This is one of only two known examples of the earliest surviving printed celestial globe. It was made by Johann Schöner, one of the leading astronomers of Europe in the early decades of the 16th century. He edited treatises left unpublished by Regiomontanus and his printing press produced maps as well as the gores for his globes, printed from woodcuts. He made his first pair of globes – terrestrial and celestial – in 1515, and Schöner was the first person to issue globes of the same size as pairs.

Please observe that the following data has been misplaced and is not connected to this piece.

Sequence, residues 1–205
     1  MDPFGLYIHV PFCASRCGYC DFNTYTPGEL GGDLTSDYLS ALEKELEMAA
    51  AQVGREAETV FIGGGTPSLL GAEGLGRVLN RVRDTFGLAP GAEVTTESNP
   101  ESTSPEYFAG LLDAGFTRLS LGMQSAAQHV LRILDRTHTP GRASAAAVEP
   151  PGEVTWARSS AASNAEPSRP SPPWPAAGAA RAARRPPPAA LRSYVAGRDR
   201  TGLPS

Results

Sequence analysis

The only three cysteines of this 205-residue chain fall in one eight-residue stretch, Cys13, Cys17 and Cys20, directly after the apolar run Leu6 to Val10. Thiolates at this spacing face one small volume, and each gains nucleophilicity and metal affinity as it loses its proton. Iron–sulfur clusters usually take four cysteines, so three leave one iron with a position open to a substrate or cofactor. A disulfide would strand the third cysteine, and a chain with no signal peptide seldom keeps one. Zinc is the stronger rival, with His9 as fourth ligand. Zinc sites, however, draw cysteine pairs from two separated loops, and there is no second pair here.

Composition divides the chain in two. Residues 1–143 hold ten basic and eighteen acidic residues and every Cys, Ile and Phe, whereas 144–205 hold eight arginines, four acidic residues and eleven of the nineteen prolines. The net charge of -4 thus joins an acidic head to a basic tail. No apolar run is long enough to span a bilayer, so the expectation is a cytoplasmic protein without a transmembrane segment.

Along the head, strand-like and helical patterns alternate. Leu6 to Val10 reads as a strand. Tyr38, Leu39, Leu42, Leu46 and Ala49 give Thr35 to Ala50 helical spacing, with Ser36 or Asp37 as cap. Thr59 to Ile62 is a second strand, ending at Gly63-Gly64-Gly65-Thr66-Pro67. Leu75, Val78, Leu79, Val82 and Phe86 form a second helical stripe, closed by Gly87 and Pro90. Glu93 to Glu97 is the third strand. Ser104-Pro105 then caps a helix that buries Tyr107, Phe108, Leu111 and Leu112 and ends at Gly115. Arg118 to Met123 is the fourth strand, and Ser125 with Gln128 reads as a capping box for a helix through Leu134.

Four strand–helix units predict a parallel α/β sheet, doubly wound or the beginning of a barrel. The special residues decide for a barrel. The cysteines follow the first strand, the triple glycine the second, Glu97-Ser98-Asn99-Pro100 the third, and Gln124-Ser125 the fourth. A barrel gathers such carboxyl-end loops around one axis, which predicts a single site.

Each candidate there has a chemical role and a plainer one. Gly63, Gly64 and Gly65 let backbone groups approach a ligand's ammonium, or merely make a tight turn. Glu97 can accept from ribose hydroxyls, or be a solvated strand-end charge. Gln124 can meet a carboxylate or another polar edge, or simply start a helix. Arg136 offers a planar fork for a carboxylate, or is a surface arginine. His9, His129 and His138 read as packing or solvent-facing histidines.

Larger than the pair of 1515, there is also a terrestrial companion to this celestial globe. The woodcuts for both the larger globes had been completed by 1533, when Schöner published a tract on each of them. The stand for this example is dated 1535.
A celestial globe by Schöner is included in the famous painting ‘The Ambassadors’, 1533, by Hans Holbein the Younger in the National Gallery.
On loan from the Royal Astronomical Society